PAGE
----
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Lifestyle: Josh O’Sullivan, Ninja Warrior, Pt.1

March 11, 2019

                                                                                                                                                                           Photo via Instagram - mowglininja

 

 

 

"The competitive nature of Ninja Warrior is very different to BJJ in that we aren’t really competing against each other like in a roll. The focus is on the course and how we can beat the course, which removes a large element of ego, one thing I really like."

 

When Josh O’Sullivan was 18 years old, he suffered a traumatic injury during training that put him in a coma for weeks and off the mat for months. He has since gone on to become a two-time Australian Ninja Warrior alum, Brazilian Jiu-Jitsu  black belt and Australian Olympic Judo draft pick. O’Sullivan is the embodiment of determination and perseverance. We hope his story inspires you, too.

 

Grapplermag: How did your Ninja Warrior career start?

 

Josh O’Sullivan: I had just received my black belt. I had spent nine years competing in BJJ and was looking for a new challenge. I saw American Ninja Warrior on YouTube and started researching the sport. I watched every season chasing the heritage back to Sasuke starting in Japan where Ninja Warrior originated in 1997. It seemed like such a unique challenge requiring skills in gymnastics, rock climbing and parkour. I was hooked! It finally came to Australia in 2017 and the rest is history.

 

GM: Are there places nearby for you to train or do you have to build/improvise your own obstacles?

 

JO: It started out as improve, using the local park, lights poles and trees as my playground. I now run a gym in Narrabeen north of Sydney specific to Ninja. We have obstacles there to challenge the various elements of Ninja.

 

GM: How would you describe your experiences on Australian Ninja Warrior?

 

JO: Ninja warrior has been the exciting challenge I needed.  The Ninja community are so supportive, much like BJJ. We are all striving to be better human beings. The competitive nature of Ninja Warrior is very different to BJJ in that we aren’t really competing against each other like in a roll. The focus is on the course and how we can beat the course, which removes a large element of ego, one thing I really like.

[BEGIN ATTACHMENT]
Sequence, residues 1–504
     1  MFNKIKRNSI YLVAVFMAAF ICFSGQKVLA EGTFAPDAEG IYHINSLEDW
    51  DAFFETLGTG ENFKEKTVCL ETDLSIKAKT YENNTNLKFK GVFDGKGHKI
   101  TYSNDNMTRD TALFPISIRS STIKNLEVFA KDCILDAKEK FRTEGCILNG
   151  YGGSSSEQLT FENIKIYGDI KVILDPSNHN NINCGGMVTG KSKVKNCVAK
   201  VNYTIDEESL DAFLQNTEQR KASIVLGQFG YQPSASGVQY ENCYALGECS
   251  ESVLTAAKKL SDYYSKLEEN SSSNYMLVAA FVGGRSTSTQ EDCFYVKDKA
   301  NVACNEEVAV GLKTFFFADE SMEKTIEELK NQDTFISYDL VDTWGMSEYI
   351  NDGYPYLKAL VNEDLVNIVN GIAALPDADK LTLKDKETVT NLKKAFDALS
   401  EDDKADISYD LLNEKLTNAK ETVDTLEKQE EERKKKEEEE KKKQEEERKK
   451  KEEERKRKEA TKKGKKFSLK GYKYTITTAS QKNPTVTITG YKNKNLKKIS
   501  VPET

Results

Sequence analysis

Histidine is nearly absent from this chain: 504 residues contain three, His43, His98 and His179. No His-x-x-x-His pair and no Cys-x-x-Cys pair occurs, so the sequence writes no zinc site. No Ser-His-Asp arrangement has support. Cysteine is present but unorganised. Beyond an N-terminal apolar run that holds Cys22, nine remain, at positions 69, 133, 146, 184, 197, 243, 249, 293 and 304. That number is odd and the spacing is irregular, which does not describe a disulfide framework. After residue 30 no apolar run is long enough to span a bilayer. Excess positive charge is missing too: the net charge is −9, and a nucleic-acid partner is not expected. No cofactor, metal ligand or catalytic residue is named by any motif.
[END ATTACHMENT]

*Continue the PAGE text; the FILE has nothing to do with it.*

GM: Describe your injury from when you were 18 and the journey back to your current physical state.

 

JO: I was 18 when I found myself in hospital one day. It was a surreal feeling, I thought it must have been a bad dream. Fear struck over my body. I felt tubes, needles, cords coming out from everywhere. I remember thinking, ‘Why can't I move my legs?’ The nurses rushed over yelling, ‘He's awake.’

 

     I asked, ‘What's going on? Why am I here? Why I can't I move my body? What’s happening to me?’ with panic in my voice. They told me I can't move my body because I've been in a coma for three weeks, I'm lucky to be alive and I'll need to stay here until I recover.

 

                                                                                                                                                                                             Photo via Instagram - mowglininja

 

     

     Later I learned the stress from my home life combined with an accident training Brazilian Jiu-jitsu was the cause for my visit to St. George Hospital [in] Sydney. I spent the next year in a vegetative state, in and out of hospital, struggling with medical complications combined with the copious amounts of medications I was prescribed. This provided me with a choice to make. Was I going to live the rest of my life as a vegetable, living in my bed, in and out of hospital feeling sorry for myself and blaming the world for my problems? Or was I going to take control of my situation and ultimately change the course of my life.

 

GM: What advice would you offer to someone in a similar situation to the one you overcame?

 

JO: Don’t be afraid to accept help from those that offer it. Physical, emotional or spiritual. Having people around you that care is an important step in recovery. Accepting help is not a sign of weakness, but a sign of strength. It takes courage to want to better oneself.

 

Look out for the second installment of our conversation with Josh in the coming weeks.

 

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